Libya’s degeneration from protest movement into civil war has been at the center of the Arab public sphere for the last month. It is not an invention of the Obama administration, David Cameron or Nicolas Sarkozy. Al-Jazeera has been covering events in Libya extremely closely, even before it tragically lost one of its veteran cameramen to Qaddafi’s forces, and has placed it at the center of the evolving narrative of Arab uprisings. Over the last month I have heard personally or read comments from an enormous number of Arab activists and protest organizers and intellectuals from across the region that events in Libya would directly affect their own willingness to challenge their regimes. The centrality of Libya to the Arab transformation undermines arguments that Libya is not particularly important to the U.S. (it is, because it affects the entire region) or that Libya doesn’t matter more than, say, Cote D’Ivoire (which is also horrible but lacks the broader regional impact).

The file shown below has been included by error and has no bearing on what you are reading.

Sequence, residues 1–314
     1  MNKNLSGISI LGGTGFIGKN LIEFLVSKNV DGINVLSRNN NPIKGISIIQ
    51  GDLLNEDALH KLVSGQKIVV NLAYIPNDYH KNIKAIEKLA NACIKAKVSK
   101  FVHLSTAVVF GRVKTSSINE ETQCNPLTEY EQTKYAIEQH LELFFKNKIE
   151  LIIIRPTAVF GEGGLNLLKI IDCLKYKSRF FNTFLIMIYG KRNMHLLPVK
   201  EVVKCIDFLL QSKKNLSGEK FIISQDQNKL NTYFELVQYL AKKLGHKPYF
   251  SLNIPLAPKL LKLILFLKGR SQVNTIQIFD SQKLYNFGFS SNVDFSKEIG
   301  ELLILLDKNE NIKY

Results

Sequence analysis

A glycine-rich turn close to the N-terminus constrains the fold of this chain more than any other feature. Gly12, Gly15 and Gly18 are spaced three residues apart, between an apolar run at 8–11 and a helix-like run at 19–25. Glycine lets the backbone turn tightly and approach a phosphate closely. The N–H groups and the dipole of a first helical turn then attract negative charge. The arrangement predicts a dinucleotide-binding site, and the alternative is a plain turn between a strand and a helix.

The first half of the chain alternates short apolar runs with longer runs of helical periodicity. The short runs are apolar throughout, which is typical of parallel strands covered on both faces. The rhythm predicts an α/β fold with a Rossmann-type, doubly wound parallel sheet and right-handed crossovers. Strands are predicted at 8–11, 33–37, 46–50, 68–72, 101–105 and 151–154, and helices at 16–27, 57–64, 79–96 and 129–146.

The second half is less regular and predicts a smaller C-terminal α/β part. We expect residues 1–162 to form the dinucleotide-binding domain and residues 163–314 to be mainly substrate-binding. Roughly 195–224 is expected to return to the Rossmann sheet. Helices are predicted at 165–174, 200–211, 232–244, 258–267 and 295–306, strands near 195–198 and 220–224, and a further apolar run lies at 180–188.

The centrality of Libya to the Arab public sphere and to al-Jazeera carries a less attractive underside, though. The focus on Libya has gone hand in hand with al-Jazeera’s relative inattention to next-door Bahrain, where a GCC/Saudi intervention has helped to brutally beat back a protest movement and tried to cast it as a sectarian, Iranian conspiracy rather than as part of the narrative of Arab popular uprisings. It has also distracted attention from Yemen, where rolling protests and mass government defections might finally today be bringing down the Ali Abdullah Saleh regime. The TV cameras have also largely moved on from the urgent issues surrounding the ongoing transitions in Tunisia and Egypt. Cynics might argue that the GCC and Arab League have been willing to support the intervention in Libya for precisely that reason, to keep the West distracted from their own depradations.